Repaying TARP Funds: Playing Ball With Uncle Sam

Posted by Larry Doyle on April 20th, 2009 10:27 AM |

Last evening on NQR’s Sense on Cents with LD (note: you can listen to audio recording of the show from the BlogTalkRadio player in the right sidebar), I proposed that the Obama administration would not release individual results of the Bank Stress Tests. I further added that I thought the administration may encourage stronger banking institutions to channel funds to weaker institutions. In so doing, these stronger banks – such as JP Morgan and Goldman Sachs – may actually take equity stakes in the weaker banks. Will JP Morgan and Goldman bear the entire risk of those equity stakes? Doubtful. Uncle Sam will likely negotiate terms along the lines of other bank bailouts in which a strong bank provides capital but the government bears the brunt of the losses.

As I write this, Bloomberg reports Bank of America is speculated to need another $10-20 billion in equity capital. BofA’s earnings were reported this morning at .44 earnings per share versus an expectation of approximately .03 earnings per share. Analysts are panning the earnings due to the propsects for ongoing increases in credit losses within BofA’s loan portfolio. BofA’s stock is down approximately 8% in early trading.

If BofA does need another $10-$20 billion in equity capital, where might it come from? In my opinion, in a non-public transferral of capital, those funds may come from JP Morgan and/or Goldman Sachs, and would actually be recycled TARP funds.  Effectively, JPM and GS will merely be a conduit for increased government funds injected into BofA and Citigroup, as well. Remember JPM has $25 billion in TARP funds, Goldman has $10 billion.  If BofA took $15 billion of these funds then Citi could receive $20 billion. What would JPM and GS receive in return? I would think these negotiations would be private and not released, although given that the capital provided is public money all information should be released.  (more…)

That’s Where the Money Is

Posted by Larry Doyle on April 13th, 2009 6:47 AM |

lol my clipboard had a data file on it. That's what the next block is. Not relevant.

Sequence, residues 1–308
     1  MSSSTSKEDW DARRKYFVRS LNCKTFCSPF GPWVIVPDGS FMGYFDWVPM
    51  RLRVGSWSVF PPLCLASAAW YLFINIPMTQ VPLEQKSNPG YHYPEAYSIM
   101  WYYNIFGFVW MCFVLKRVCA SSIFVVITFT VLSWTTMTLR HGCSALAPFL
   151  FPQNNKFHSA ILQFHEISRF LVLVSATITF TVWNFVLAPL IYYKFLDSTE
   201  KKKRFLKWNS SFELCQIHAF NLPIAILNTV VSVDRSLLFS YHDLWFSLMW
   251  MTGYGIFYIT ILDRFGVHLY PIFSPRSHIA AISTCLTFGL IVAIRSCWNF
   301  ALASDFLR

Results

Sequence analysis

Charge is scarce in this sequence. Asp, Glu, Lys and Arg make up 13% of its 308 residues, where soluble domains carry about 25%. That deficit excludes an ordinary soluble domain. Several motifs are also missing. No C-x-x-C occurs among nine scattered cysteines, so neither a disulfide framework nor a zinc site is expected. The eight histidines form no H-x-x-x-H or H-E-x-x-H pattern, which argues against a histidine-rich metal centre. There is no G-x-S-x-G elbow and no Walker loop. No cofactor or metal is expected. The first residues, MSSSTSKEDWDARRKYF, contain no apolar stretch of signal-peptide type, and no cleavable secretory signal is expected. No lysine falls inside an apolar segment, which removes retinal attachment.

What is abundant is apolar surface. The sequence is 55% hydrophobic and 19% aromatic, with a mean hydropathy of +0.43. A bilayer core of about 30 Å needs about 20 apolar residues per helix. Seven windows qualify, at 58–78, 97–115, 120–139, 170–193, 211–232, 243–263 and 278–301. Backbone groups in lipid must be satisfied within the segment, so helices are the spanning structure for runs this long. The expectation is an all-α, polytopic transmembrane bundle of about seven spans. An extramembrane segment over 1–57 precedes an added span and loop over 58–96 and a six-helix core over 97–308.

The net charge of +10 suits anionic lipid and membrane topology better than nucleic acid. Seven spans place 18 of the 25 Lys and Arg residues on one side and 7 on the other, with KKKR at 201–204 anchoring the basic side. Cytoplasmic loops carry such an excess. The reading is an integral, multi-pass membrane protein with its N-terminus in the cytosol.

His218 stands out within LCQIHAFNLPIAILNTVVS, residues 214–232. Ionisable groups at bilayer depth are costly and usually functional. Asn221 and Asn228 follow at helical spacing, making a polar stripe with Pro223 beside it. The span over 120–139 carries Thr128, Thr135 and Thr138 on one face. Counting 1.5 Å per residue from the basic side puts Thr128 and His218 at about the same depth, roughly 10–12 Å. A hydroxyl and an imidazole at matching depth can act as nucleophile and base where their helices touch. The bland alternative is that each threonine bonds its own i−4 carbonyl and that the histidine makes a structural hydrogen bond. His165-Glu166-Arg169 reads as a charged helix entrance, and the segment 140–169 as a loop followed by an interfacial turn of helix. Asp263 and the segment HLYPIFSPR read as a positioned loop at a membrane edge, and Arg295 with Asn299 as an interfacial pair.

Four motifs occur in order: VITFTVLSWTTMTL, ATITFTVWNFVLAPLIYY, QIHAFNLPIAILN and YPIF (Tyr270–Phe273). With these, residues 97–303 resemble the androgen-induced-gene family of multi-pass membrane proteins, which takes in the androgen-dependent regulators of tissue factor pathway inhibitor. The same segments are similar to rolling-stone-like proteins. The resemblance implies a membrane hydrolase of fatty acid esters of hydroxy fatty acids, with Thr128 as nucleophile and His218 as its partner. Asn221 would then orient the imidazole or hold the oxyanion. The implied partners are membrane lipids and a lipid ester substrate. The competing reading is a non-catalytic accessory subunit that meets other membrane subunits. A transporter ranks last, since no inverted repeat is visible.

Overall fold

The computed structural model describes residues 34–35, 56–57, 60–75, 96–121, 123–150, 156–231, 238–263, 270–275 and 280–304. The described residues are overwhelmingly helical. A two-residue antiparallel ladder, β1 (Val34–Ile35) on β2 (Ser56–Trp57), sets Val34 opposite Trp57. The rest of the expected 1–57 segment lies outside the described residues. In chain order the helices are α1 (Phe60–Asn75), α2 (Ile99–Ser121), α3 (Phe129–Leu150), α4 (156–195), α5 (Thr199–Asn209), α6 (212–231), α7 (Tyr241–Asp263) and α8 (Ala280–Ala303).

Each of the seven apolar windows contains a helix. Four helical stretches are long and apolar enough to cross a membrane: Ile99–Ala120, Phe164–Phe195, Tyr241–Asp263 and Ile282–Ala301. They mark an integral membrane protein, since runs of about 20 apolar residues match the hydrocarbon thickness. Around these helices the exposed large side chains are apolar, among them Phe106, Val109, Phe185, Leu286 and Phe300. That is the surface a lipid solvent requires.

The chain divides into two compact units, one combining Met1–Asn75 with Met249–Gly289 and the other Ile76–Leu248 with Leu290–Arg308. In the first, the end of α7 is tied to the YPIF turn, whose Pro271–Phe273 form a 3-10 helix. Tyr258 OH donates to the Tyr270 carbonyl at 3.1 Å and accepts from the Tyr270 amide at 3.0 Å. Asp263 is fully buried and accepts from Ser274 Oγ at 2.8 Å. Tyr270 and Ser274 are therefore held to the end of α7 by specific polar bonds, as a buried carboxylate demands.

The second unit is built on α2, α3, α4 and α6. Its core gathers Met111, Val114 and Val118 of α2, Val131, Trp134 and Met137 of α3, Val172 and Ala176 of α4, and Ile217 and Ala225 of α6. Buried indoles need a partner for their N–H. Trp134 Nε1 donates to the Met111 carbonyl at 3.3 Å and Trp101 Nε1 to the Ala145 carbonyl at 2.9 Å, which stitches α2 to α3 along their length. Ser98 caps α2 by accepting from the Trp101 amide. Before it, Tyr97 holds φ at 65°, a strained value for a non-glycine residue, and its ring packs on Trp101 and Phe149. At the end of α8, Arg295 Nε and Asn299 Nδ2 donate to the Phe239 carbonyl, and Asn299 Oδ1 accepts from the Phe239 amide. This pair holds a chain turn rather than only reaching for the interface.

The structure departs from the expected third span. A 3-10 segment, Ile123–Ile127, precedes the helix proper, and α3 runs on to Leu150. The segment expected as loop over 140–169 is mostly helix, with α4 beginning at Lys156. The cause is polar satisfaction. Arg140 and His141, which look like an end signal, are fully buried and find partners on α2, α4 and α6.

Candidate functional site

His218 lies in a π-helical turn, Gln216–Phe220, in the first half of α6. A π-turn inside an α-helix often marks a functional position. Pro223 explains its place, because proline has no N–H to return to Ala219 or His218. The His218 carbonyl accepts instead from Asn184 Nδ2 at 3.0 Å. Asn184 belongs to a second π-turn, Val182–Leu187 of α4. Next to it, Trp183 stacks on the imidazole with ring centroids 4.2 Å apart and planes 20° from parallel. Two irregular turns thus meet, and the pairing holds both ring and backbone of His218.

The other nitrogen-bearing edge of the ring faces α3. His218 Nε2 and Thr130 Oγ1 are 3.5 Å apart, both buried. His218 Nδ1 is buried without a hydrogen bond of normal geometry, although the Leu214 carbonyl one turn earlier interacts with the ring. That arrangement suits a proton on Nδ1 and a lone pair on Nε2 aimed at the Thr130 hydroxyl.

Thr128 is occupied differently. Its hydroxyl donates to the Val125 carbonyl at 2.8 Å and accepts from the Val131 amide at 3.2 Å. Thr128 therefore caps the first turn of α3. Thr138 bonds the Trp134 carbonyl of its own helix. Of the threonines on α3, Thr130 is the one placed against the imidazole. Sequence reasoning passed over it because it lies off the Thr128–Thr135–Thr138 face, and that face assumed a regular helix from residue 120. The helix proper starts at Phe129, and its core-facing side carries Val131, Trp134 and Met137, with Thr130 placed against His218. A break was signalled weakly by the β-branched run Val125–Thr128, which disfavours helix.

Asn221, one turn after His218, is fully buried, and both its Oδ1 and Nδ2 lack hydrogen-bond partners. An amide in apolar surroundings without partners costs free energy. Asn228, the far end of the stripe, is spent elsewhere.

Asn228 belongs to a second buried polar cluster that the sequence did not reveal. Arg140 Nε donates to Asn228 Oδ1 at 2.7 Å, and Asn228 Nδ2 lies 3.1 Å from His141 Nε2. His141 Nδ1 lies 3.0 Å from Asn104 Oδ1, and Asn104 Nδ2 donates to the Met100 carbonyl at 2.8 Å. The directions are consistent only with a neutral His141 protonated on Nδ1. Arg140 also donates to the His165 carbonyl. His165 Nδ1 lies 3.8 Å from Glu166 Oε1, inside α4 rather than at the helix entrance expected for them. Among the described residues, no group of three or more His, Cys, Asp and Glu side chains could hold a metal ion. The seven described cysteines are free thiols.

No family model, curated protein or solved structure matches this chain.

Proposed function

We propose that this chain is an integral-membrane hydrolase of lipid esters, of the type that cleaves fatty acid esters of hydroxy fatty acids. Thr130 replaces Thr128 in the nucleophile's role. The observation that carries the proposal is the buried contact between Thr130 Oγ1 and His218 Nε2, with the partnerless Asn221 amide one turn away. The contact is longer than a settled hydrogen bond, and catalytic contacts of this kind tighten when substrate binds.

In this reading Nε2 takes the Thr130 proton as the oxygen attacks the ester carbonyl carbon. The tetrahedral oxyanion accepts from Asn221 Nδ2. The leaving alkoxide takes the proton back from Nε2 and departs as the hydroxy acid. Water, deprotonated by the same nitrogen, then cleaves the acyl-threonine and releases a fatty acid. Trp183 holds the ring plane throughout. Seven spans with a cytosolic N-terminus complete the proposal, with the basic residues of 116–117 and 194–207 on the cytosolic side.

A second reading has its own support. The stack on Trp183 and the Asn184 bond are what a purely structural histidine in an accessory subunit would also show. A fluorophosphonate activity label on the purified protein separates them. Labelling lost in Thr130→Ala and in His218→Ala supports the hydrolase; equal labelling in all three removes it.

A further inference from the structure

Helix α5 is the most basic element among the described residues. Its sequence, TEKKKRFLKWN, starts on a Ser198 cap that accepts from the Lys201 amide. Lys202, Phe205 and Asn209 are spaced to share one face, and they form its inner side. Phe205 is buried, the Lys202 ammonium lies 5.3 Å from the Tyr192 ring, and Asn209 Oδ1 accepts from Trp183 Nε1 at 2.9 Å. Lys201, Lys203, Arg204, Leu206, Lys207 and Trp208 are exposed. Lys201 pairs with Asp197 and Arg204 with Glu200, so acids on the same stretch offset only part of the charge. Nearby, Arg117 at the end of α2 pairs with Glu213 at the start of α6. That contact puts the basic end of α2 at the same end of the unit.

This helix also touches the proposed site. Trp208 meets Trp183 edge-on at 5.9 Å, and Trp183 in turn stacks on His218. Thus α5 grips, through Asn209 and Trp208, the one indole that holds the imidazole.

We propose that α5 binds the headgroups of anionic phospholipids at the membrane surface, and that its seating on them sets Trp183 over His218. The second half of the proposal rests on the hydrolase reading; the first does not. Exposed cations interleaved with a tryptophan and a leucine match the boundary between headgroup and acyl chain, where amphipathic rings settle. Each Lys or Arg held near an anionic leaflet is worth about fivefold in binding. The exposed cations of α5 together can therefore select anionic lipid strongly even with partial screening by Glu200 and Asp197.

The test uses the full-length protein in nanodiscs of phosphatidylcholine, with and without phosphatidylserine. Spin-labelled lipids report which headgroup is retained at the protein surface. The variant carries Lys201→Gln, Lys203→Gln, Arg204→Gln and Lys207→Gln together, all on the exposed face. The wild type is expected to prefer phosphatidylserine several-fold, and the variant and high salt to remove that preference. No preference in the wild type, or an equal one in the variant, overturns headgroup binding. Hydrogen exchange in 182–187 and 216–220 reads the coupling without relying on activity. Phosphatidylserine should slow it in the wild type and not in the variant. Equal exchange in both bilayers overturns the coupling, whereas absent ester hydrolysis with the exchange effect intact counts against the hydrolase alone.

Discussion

On the heels of the fraud known as Enron, Congress passed legislation requiring CEOs to validate the integrity of their financial reporting. This legislation, Sarbanes-Oxley, and its effectiveness are still hotly contested. Is it universally accepted? Does it truly promote best practices within companies and across industries? Does it produce results? Well, the fact of the matter is that it is the law of the land. However, what good is a law if it isn’t applied? I can count on one hand, without need of my thumb, claims by law enforcement authorities of companies’ violating Sarbanes-Oxley.

Will Sarbanes-Oxley be dusted off and put to use now? The Financial Times reports that it will not be for lack of opportunity that Sarbanes-Oxley is not used. In regard to bank earnings, TARP investigator Neil Barofsky offers:

“I hope we don’t find a single bank that’s cooked their books to try to get money but I don’t think that’s going to be the case,” said Mr Barofsky, who has been dubbed the “Tarp cop”.

If this is in fact the case, what about some perp walks? Is white collar crime still an activity tolerated by the system? Who is providing the cover? Are the perpetrators in bed with the legislators? Don’t tell me that cooking the books is a victimless crime. Every taxpayer is being victimized in terms of lessened credit, higher taxes, a growing deficit, and outrageous fees. Victimless? I don’t think so. (more…)